31. 31. Foot reshaped by foot binding compared with normal foot.
    32. 32. Vietnam and the Chinese Impact
    33. 33. Vietnam and the Chinese ImpactA. Vietnam Under Chinese Domination 1. Chinese rule 2. Adaptation of Chinese culture
    34. 34. MAP 14.7 Early Vietnam and Its Expansion in the Tenth Through Fifteenth Centuries
    35. 35. Vietnam and the Chinese ImpactB. Vietnamese Autonomy 1. The overthrow of Chinese rule 2. Vietnamese expansion
    36. 36. Korea and the Chinese Impact
    37. 37. Korea and the Chinese ImpactA. Early Chinese Influence in Korea 1. Chinese migration and conquest 2. Korea during China’s Age of Disunity 3. The blending of Chinese and Korean culture
    38. 38. MAP 14.8 Korea and Japan in the Fourth Through Tenth Centuries
    39. 39. Korea and the Chinese ImpactB. The Kingdom of Koryo, 935 – 1392
    40. 40. An inlaid Korean bottle from the kingdom of Koryo.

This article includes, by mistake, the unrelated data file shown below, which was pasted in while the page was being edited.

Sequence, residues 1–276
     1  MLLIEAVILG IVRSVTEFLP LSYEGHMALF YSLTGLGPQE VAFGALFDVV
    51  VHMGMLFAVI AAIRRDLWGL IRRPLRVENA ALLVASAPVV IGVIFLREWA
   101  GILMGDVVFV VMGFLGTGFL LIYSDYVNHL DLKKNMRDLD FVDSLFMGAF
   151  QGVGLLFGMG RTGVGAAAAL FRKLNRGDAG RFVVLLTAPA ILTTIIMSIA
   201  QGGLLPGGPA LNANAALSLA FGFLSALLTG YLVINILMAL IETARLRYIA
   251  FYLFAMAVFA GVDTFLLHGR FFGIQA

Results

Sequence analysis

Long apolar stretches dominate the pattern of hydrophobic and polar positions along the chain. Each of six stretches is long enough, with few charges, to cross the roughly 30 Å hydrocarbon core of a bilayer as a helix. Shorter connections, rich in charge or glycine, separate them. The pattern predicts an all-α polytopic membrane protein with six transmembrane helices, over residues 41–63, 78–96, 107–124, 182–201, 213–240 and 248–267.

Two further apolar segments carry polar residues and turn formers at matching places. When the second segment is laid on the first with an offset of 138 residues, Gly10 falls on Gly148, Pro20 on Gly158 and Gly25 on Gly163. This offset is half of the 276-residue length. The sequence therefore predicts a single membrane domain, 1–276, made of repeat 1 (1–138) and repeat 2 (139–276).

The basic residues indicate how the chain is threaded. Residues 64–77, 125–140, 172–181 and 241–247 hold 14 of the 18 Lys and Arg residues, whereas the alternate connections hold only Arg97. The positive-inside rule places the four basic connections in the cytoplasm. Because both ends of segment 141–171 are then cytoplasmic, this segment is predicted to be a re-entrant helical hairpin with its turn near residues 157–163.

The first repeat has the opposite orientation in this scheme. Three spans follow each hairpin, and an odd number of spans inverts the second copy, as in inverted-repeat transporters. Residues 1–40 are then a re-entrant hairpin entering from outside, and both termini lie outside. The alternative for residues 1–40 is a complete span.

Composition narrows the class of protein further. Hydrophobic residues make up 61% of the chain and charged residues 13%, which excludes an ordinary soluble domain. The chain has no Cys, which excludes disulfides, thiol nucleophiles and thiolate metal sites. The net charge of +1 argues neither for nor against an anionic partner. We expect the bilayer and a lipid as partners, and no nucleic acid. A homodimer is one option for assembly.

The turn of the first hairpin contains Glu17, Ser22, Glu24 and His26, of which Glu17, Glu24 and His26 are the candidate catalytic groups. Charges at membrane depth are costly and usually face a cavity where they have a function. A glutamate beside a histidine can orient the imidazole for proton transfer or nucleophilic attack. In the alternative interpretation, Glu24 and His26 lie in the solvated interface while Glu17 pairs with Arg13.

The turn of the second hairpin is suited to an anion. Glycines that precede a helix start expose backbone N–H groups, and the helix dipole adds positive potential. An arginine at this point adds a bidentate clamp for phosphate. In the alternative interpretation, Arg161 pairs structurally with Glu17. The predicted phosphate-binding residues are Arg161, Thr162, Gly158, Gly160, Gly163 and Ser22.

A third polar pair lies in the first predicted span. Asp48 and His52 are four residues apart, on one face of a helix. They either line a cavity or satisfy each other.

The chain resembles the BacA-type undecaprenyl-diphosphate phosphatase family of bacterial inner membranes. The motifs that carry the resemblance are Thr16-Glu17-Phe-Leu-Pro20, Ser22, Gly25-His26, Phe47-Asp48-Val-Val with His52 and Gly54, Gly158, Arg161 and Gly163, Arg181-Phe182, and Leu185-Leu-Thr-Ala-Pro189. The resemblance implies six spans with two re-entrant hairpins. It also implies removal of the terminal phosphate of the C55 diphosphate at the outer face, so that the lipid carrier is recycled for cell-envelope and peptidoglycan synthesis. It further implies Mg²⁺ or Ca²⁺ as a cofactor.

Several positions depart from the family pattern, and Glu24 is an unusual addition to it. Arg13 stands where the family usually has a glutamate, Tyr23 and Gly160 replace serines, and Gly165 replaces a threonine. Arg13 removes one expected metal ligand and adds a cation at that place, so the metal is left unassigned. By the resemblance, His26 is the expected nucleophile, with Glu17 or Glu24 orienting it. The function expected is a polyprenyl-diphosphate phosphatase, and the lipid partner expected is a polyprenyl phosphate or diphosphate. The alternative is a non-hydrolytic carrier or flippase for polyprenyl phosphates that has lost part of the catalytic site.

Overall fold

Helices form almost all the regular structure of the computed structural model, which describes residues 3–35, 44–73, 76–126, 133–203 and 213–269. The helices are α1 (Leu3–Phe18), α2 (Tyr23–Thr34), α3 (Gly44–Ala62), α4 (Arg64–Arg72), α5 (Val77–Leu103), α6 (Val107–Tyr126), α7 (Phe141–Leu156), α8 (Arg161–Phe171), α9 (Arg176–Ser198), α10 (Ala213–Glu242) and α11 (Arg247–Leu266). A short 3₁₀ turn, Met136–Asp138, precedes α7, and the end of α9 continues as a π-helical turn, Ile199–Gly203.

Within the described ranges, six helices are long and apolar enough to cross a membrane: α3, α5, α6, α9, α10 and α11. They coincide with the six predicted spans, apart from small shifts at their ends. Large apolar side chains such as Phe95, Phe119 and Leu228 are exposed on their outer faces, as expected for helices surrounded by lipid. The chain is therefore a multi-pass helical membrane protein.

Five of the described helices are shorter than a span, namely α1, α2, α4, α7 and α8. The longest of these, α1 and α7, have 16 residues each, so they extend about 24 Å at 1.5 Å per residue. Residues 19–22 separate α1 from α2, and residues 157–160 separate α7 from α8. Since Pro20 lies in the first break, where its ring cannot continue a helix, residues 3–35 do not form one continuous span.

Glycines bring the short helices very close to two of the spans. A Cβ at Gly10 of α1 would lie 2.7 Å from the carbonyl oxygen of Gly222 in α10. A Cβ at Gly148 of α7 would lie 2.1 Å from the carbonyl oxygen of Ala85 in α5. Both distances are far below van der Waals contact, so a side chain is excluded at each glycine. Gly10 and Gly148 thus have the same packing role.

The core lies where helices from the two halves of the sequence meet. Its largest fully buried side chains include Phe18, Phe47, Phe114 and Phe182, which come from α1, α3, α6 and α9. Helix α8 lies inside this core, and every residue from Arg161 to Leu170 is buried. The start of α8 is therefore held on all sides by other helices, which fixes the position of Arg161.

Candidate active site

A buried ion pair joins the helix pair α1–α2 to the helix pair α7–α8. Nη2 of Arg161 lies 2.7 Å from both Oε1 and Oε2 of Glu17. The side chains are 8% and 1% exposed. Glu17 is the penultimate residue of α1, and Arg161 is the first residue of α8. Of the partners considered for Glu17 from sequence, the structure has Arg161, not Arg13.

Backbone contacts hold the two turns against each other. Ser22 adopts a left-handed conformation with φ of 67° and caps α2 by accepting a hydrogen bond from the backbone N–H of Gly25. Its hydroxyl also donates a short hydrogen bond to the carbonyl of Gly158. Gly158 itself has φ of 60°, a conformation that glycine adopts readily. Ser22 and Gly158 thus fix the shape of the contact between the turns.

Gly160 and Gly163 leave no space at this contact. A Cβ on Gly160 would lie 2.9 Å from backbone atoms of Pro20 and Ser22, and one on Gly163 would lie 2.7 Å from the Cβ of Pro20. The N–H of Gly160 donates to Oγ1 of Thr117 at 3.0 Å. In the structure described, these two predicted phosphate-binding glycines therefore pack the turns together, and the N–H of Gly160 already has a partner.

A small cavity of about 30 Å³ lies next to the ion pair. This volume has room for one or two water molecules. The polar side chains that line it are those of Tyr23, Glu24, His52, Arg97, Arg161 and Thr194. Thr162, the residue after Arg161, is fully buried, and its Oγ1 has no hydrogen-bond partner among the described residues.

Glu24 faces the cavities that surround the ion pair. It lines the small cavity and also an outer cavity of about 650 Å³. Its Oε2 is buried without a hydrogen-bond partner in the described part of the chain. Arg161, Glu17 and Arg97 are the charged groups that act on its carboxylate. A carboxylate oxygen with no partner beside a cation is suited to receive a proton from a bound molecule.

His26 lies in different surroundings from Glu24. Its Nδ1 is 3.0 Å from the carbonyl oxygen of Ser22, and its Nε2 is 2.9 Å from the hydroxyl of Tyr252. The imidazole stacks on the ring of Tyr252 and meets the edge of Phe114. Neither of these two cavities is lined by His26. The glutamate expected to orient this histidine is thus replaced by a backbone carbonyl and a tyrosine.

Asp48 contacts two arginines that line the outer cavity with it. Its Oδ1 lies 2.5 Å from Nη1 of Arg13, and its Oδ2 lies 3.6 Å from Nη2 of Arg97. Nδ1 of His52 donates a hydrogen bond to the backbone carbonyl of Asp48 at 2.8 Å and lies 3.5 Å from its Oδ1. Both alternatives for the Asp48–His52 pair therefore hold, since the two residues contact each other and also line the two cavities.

41. 41. The Emergence of Japan
    42. 42. The Emergence of JapanA. The Foundations of Japanese Society 1. Geography and society 2. Religion 3. Rise of the YaB. Early Borrowing from China 1. The arrival of Buddhism 2. Japanese rulers and the borrowing of Chinese ways
    43. 43. Horyu-ji Temple, Nara, Japan.
    44. 44. The Emergence of JapanC. The Heian Era: Divergence from China 1. Cultural blending 2. Distinctive literature 3. Politics and divergenceC. The Rise of the Warrior Class 1. Warlords and samurai 2. Serfdom 3. The Minamoto and the shogunate
    45. 45. Portrait of Musō Soseki, a Buddhist monk from the Kamakura era.
    46. 46. Key Dates and DevelopmentsChina/Vietnam and Korea/Japan

    ×